BME680 Air Quality low?


#1

Ok,so I’ve got the BME680 up and running and I’m really impressed so far. However, I’ve been using the example Python code indoor-air-quality.py located here but I’ve noticed that after the sensor settles down, the air quality drops to ~35-45%.

I’m currently transmitting my data to Beebotte after modifying the Pimoroni’s code to include the relevant parts to achieve this, and if anybody wants to take a look and see what I mean, then you can do so here.

Do I need to calibrate the humidity data to compensate? The sensor is in our bedroom and I tend to leave the windows on the latch most of the day (i.e. fresh air circulates) and we live in a relatively quiet area, so I’m surprised that the air quality is that low…


#2

@sandyjmacdonald do you have any ideas on this? I believe the example I’m using was crafted out of your brilliance, so if anybody knows it’ll be you…


#3

Hey Wesley. Have you had the sensor running for enough time to burn it in? I presume you have from what you said. If that’s the case, then it might be an idea to run the sensor for 24 hours or so, on the read_all.py example to get an idea of how the resistance readings vary.

The example that I put together runs the sensor for a while to set the baseline, and if that coincides with a time when the readings are particularly high then it could results in steeper drops like you’re seeing. But taking readings over a longer period of time should help you to find the best set of conditions in which to set the air quality example running to set the baseline.

To be honest, my example is pretty naive about how it works. I think, ideally, the baseline should change over time, for example, since the baseline is very (well, completely) dependent on the air quality at the time when you set the script running.

I’m not sure all that helps much, but it might explain the complexities involved in calculating this sort of thing…


#4

Hey @sandyjmacdonald. Thanks for the reply, that is very helpful.

I’ve basically been running the sensor constantly since it arrived - I initially started using the read_all.py code, but modified it to send the readings to my Beebotte dashboard, but then I saw your air quality example and felt that would make more sense when viewing the data.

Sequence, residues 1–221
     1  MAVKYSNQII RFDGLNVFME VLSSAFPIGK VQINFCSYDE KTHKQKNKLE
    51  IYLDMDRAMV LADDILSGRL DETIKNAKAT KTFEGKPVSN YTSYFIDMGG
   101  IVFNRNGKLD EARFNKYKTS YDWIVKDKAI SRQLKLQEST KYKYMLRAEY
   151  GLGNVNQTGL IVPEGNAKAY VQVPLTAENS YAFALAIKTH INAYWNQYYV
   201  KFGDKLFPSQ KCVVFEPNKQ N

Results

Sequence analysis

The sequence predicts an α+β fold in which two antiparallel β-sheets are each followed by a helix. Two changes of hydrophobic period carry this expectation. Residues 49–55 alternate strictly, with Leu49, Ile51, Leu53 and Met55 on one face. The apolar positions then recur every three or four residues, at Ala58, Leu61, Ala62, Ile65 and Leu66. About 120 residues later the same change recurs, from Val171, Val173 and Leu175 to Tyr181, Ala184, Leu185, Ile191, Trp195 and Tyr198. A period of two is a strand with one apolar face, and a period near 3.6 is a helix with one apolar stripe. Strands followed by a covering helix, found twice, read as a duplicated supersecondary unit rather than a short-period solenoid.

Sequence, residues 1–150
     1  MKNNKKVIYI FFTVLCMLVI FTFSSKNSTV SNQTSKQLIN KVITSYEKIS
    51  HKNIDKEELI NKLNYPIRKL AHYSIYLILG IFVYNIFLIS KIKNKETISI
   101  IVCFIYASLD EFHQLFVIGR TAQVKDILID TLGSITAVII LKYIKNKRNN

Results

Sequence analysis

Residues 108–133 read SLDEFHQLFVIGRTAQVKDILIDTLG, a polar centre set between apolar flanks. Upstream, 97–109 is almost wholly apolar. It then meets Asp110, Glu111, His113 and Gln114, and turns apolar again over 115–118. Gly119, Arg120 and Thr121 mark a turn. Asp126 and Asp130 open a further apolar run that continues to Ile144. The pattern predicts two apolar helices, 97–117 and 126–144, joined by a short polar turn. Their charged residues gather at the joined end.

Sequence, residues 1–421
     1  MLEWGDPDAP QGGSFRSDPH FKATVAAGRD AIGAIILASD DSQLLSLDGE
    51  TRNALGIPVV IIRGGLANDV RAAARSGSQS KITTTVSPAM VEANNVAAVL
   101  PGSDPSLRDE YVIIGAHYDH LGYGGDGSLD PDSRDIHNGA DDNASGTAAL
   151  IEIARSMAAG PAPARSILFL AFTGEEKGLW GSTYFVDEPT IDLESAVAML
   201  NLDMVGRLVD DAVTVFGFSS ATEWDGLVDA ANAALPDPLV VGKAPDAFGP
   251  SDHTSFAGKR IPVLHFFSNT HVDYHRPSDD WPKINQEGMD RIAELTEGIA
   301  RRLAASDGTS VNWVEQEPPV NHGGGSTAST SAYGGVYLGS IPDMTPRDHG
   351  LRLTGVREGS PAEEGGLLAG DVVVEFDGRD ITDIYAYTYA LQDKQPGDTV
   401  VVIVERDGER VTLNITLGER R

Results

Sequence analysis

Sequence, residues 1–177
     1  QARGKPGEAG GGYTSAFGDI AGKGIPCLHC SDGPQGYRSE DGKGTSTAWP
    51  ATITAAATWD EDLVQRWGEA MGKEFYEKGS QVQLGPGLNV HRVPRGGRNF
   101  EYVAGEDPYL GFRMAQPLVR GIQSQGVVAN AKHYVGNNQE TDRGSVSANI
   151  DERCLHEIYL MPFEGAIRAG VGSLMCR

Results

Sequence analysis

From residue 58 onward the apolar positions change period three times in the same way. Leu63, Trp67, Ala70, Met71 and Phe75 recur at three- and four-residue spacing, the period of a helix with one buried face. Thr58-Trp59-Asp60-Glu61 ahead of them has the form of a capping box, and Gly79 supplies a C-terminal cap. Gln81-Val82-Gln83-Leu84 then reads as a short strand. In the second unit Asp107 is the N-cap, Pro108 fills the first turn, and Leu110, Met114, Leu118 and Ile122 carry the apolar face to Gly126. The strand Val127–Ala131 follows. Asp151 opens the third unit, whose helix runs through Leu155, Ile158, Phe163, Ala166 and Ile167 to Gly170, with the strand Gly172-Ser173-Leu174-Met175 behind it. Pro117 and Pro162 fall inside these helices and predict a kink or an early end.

So if I understand you correctly, you think that if I ran the read_all.py script for a day or two, I could get the data and use this to provide a better benchmark reading for the baseline in the air quality version? If so, would you mind helping me figure this out (once I have the data) so I can adjust the script accordingly?


#5

Yeah, run the example for a day or two, perhaps keeping note of when you open/close windows, and save all the data to a text file, then we can have a look at it. It’ll be a useful exercise to help to improve the example too!


#6

Ok, sounds like a plan @sandyjmacdonald.

I’ve just restarted my logging on the Pi with the BME680 attached, and also created a new dashboard on Beebotte that contains all the data (https://beebotte.com/dash/d1f81350-c942-11e7-bfef-6f68fef5ca14#.Wgr0uRO0NN0). You should also be able to visit the page as it is public, but hopefully that amount of data will help.

Due to API limitations on Beebotte, the readings are set to 5 minute intervals - you can disregard any readings taken before today as this was used when I started testing out my script.


#7

Pardon me but may I ask for some guidance here. I am up and running with the BME680 module thanks to technical assistance from gadgetoid. Having worked with DHTXX and related sensors for quite some time going down the well trodden telemetry logging track, I must confess that I am delighted to see Pimoroni make this BME680 available so “craftily” with the pin placements.

My question is how can I brush up on the VOC calculations to gain a better understanding of the monitoring. I’ve looked at the Bosch SDK (for the full module) but I am at a loss to convert the “resistance ohms” readings to some air quality index. Is the resistance value simply an indicator of the %VOC? Is dust a factor in these equations?